Memory mapped out and isolated (protected), allocated specifically for programs or program functions. These areas of memory cannot be accessed by other programs.
In Windows every process has its own protected memory space already. Or at least protected unless something else wants to load a file into it which can be done using OS standard methods specifically designed to extend applications / add in new system functionality.
The issue here is Start10 runs inside Explorers memory space and thus has to load into that, to achieve that we have to set a hook which gets Start10 loaded into EVERY 64 bit process. In anything other than explorer it does nothing and because of how memory pages are shared in the OS it basically uses no additional memory.
Apps like UltraMon and DisplayFusion which provide additional taskbars detect Start10 and enable support for it based on if the dll has loaded into their processes and so we cannot simply load in explorer and disable things from there.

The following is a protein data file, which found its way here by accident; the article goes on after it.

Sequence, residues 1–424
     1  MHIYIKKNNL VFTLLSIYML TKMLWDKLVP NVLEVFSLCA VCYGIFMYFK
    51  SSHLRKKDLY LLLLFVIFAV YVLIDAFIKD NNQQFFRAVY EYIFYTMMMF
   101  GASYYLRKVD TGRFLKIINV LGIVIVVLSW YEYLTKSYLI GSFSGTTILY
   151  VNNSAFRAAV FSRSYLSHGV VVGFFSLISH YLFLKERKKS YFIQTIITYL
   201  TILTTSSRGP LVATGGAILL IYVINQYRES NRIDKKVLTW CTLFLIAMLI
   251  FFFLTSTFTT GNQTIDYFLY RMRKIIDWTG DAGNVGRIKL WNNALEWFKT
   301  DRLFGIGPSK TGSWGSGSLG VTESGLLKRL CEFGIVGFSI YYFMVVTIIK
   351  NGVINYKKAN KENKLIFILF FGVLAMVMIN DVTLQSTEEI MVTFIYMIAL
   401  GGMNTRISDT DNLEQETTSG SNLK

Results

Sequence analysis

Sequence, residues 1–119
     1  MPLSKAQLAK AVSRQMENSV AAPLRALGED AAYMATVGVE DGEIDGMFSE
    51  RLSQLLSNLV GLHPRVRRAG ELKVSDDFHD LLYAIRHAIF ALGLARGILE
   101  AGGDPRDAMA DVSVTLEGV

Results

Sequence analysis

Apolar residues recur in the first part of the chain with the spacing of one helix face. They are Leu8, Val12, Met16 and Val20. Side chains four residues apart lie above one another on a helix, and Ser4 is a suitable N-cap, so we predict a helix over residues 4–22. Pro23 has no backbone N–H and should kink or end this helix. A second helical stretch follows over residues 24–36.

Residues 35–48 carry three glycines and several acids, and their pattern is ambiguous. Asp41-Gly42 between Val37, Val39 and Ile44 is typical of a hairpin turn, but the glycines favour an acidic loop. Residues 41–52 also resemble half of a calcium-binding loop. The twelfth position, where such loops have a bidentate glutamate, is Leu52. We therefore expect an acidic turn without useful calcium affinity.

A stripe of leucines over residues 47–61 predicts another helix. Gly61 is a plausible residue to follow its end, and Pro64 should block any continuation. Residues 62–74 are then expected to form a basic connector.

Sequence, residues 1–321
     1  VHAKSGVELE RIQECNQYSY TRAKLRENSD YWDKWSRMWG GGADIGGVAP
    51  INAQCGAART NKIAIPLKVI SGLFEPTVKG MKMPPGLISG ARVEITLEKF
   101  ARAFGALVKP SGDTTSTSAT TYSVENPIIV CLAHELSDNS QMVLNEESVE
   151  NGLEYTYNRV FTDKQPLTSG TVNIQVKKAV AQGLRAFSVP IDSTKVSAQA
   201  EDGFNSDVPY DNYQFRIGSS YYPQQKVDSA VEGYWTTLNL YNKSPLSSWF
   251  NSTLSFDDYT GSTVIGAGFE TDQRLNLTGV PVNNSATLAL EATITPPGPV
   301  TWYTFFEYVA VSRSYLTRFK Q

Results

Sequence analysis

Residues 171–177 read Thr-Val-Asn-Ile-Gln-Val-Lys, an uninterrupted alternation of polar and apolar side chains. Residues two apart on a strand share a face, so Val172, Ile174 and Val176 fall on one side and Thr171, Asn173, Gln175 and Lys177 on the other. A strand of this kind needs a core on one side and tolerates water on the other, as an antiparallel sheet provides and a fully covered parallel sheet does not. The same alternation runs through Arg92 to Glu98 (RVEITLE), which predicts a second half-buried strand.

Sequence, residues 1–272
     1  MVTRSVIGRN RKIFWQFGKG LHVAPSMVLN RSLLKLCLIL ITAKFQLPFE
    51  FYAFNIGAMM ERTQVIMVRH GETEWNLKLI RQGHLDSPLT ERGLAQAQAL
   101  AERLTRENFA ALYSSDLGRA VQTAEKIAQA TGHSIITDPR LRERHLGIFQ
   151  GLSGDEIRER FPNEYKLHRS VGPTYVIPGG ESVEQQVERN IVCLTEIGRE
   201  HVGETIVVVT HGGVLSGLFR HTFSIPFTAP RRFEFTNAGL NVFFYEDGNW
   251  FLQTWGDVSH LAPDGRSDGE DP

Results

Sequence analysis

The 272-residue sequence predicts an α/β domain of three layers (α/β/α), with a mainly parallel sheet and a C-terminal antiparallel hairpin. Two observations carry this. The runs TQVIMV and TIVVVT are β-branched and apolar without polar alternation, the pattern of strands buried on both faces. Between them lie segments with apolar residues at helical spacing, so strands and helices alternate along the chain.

It is worth noting that apparently Chrome would also detect shell extensions such as file icon handlers, right click handlers etc so even without that you would have the same issue with Chrome if you opened a file dialog in it and right clicked on an exe as the shell handler for Start10 would load too.
Ultimately the 'incompatible apps' in Chrome is flawed. It works from an assumption that Chrome is perfect thus anything that's not from them must be a problem. Google have long forgotten whose computer their app is running on I feel, something that Microsoft have also forgotten.
The funny thing is Google used to actively block any dlls that caused problems so if there was something causing a problem you can bet they would have already blocked it loading! Personally this makes me wonder if there is another motive for this warning stuff.